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October 25, 2016 2:00 PM, EDT

Wisconsin Using Grants to Reduce Crashes

C. Holmes/Flickr

For a third straight year, Wisconsin’s State Patrol has received federal and state funding in hopes of continuing to reduce large truck crashes in the state. The yearlong grants of nearly $500,000, which boosted the three-year total over $700,000, took effect Oct. 1.

The State Patrol was prompted to apply for the grant in 2014 because of the shocking jump in large truck crashes in Wisconsin from 5,839 in fiscal 2012 to 7,458 in fiscal 2014.

“We had seen an increase in crashes involving commercial motor vehicles, a lot of them stemming from crashes involving frac mining and transportation in the northern and central part of the state,” State Patrol Lt. Karl Mittelstadt told Transport Topics.

While much of the focus of the enhanced CMV enforcement has been on dump trucks transporting frac sand — which is produced in the hydraulic fracking process — from mines in 12 counties in central and northwest Wisconsin, Class 8 trucks also will be monitored from the air and on the ground.

“It seems there’s a focus on frac-sand operators, which are dump trucks, but there’s another program aimed at high-traffic corridors with commercial motor vehicles,” Wisconsin Motor Carriers Association President Neal Kedzie noted. “I’m being told that they’re not targeting our carriers; that they’re looking for actual violations as they occur … but I could see where this could wind up being random pull-overs. I certainly hope that won’t occur to a large degree. I certainly hope that they’re focusing on bad behaviors rather than just pulling people over and pulling them out of service.”

During fiscal 2015, the first year that the grant provided the funds for the extra law enforcement presence, there were 7,072 large truck crashes in Wisconsin. Using preliminary data from Wisconsin’s Department of Transportation, that figure slipped again to 7,007 in fiscal 2016, which ended Sept. 30.

“I’m happy to see that going in the right direction,” Mittelstadt said. “We’re always looking at ways to get more officers on the road to combat aggressive driving. We have 30 details in 12 counties associated with frac transportation and 280 details in 28 of our highest CMV-related crash counties. This money allows us to run 310 additional details, upwards of 9,000 additional officer hours on the road. Now that fuel prices are increasing, frac transportation is declining, [but] our primary focus isn’t necessarily commercial motor vehicle drivers driving aggressively. It’s cars driving aggressively around the trucks.”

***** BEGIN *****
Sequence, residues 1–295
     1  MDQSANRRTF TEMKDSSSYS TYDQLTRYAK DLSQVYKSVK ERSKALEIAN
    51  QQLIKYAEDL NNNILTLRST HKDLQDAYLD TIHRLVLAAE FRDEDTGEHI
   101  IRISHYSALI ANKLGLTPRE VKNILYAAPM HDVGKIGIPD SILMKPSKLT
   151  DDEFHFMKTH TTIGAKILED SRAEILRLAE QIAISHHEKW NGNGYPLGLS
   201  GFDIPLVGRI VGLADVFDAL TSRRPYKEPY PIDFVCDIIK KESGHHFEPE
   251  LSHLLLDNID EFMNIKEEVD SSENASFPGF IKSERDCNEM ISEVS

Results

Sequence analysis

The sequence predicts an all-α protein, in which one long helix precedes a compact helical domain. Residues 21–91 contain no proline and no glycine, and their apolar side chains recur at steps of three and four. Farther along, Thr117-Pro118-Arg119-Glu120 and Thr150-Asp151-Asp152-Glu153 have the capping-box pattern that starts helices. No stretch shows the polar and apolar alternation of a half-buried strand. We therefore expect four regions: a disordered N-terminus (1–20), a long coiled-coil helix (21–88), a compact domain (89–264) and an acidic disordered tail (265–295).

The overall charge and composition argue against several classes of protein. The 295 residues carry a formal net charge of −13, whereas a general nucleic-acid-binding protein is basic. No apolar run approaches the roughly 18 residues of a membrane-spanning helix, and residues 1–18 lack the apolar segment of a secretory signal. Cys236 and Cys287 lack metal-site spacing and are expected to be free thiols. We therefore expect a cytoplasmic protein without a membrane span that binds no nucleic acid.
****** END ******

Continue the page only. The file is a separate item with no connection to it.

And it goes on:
Kedzie agreed on that point.

“This industry has put such an emphasis on crash reductions that our carriers are saying, ‘We’re not the problem. It’s the civilian passenger drivers,’ " Kedzie said. “We didn’t even know about this program until we received the press release. There’s sort of a feeling that our carriers are being unnecessarily targeted. Our carriers are concerned about random stops that interfere with their hours of service. When they’re off the road, they’re not making money.”

Mittelstadt said the State Patrol wants to educate drivers, not punish them.

“It’s not all about writing tickets,” said Mittelstadt, whose colleagues are especially on the lookout for cellphone use and texting behind the wheel. “We want drivers to understand why they’re being stopped. We ask why they were speeding, why they were following too close. If they’re following a couple of lengths behind a semi at 70 miles per hour, they can’t see what’s in front of them.”